Federal Court (Full Court). Is s 46(2) of the Administrative Appeals Tribunal Act 1975 (Cth) which, among other things, requires courts to "do all things necessary to ensure that the matter [the subject of a certificate under s 39B(2)] is not disclosed to any person other than a member of the court as constituted for the purposes of the [judicial review] proceeding" brought under s 44, constitutionally valid?
The Tribunal affirmed an adverse security assessment (ASA) made by the respondent, the Director-General of Security, on behalf of the Australian Security Intelligence Organisation (ASIO). The ASA was relied upon by the Minister for Home Affairs to cancel the Applicant’s visa, which cannot be revoked so long as the ASA remains in place. The Applicant "appealed" the Tribunal's decision to the Federal Court (FCA) under s 44 of the Administrative Appeals Tribunal Act 1975 (Cth) (the AAT Act).
The Full Court of the FCA (FCAFC) heard the "appeal" and described the relevant facts as follows:
70 Certificates were issued by the ASIO Minister in this case under ss 39A(8) and 39B(2)(a) of the AAT Act, on the ground that thedisclosure of the certificated matter would prejudice the security of Australia. As a consequence, the applicant was not entitled to access all of the information that was before the Tribunal and was excluded from parts of the hearing before the Tribunal. TheTribunal was required to “do all things necessary” to prevent disclosure of the matter to any person other than a member of theTribunal as constituted for the purposes of the proceeding: s 39B(3) of the AAT Act. As noted above, this is an appeal pursuant to s 44 of the AAT Act. Notwithstanding the certificates, s 46(1) of the AAT Act required the Tribunal to send all relevant documents to the Court. Where s 46(2) of the AAT Act applies, as it does in this case because the certificates were issued under s 39B(2), the Court “shall … do all things necessary to ensure that the [certificated] matter is not disclosed to any person other than a member of the court as constituted for the purposes of the proceeding”. Accordingly, s 46(2) of the AAT Act operates to prevent the disclosure of the certificated matter to the applicant or to his legal representatives.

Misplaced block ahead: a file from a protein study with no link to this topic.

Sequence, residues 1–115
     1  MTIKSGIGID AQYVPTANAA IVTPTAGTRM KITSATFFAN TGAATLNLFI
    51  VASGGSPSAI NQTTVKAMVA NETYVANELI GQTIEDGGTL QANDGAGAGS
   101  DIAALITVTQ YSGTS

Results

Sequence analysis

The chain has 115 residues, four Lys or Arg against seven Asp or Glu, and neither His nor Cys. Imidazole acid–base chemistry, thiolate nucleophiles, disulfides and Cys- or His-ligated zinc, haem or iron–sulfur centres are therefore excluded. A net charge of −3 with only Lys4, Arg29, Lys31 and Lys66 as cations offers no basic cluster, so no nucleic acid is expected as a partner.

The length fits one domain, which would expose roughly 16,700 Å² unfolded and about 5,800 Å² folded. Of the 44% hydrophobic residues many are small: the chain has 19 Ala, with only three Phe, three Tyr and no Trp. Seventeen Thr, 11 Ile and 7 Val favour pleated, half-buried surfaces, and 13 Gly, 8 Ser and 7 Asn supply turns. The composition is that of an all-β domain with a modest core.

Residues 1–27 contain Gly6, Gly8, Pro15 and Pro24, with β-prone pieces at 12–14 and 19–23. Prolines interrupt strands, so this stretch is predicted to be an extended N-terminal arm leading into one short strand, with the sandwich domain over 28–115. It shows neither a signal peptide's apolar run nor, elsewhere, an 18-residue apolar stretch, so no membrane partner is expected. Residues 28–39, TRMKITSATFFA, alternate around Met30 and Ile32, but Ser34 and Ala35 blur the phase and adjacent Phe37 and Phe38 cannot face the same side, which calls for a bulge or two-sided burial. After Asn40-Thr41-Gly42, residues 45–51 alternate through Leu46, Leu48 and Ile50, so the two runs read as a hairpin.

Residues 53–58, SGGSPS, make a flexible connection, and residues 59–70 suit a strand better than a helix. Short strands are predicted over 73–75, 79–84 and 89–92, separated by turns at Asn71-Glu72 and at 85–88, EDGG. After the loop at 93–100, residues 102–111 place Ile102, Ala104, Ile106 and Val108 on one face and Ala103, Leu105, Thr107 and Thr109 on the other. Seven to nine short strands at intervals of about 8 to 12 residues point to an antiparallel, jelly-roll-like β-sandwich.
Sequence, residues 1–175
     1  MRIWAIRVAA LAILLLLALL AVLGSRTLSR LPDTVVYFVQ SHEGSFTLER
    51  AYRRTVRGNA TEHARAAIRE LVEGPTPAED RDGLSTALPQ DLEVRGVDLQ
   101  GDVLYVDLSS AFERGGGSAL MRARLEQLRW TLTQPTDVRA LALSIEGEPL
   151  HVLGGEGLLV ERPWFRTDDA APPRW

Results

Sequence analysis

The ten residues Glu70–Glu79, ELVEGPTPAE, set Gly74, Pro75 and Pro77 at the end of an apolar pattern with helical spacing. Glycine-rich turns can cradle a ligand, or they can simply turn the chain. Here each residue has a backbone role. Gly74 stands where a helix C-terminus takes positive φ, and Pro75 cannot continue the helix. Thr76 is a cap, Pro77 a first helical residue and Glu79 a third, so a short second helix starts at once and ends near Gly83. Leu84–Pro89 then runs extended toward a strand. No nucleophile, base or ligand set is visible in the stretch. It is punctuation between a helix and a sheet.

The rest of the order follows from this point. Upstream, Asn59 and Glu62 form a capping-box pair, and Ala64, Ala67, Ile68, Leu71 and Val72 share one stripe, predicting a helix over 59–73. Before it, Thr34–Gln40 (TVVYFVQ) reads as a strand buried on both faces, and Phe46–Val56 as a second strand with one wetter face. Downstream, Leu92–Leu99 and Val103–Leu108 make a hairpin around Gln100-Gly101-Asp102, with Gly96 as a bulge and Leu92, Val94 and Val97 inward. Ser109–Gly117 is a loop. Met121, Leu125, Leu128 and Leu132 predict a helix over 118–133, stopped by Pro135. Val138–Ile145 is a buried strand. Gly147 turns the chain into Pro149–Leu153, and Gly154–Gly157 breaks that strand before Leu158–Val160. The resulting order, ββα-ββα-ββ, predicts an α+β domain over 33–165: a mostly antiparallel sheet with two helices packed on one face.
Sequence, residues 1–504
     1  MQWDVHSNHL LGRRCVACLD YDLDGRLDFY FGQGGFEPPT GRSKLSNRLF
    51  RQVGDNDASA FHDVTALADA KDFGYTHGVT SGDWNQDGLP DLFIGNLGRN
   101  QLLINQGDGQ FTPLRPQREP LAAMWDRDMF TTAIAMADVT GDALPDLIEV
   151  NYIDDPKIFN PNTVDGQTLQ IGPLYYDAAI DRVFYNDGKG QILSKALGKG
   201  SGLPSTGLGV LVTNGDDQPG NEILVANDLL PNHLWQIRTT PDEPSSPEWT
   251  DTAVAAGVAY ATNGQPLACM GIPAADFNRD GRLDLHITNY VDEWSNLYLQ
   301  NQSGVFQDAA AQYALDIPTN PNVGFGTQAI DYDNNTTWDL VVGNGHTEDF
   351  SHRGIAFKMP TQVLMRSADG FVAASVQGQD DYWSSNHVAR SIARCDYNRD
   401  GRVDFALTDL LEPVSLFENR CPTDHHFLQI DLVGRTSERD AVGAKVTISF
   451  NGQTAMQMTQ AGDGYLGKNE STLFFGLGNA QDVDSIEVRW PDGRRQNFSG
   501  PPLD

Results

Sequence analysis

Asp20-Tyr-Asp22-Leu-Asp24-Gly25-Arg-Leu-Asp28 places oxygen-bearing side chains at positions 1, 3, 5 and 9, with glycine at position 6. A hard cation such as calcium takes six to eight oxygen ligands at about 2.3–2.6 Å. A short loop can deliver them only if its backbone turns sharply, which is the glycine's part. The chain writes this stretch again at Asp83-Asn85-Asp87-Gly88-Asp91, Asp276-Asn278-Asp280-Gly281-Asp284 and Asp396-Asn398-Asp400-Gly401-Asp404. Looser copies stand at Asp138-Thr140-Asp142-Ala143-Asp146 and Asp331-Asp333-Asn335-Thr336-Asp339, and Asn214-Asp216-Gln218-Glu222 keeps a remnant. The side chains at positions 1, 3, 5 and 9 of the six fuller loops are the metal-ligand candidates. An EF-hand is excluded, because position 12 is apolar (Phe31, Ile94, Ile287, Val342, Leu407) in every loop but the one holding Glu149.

Some of the questions to the FCAFC were as follows:
Question 1: Section 501(6)(g) of the Migration Act 1958 (Cth) provided that a person did not pass the character test if that person had been assessed by ASIO to be “directly or indirectly a risk to security” within the meaning of s 4 of the ASIO Act. The Minister could cancel a visa under s 501(3) if "satisfied that the refusal or cancellation is in the national interest". Is not passing the character test for by reason of s 501(6)(g) likely to satisfy the Minister that visa cancellation is in the national interest?
Question 2: If ASIO no longer assesses a person to be directly or indirectly a risk to security, can that person then satisfy s 501(6)(g)?
Question 4: Could the decision to issue the certificate under ss 39A(8) and 39B(2) of the AAT Act have been the subject of an application for judicial review, pursuant to s 39B of the Judiciary Act 1903 (Cth) (Judiciary Act)?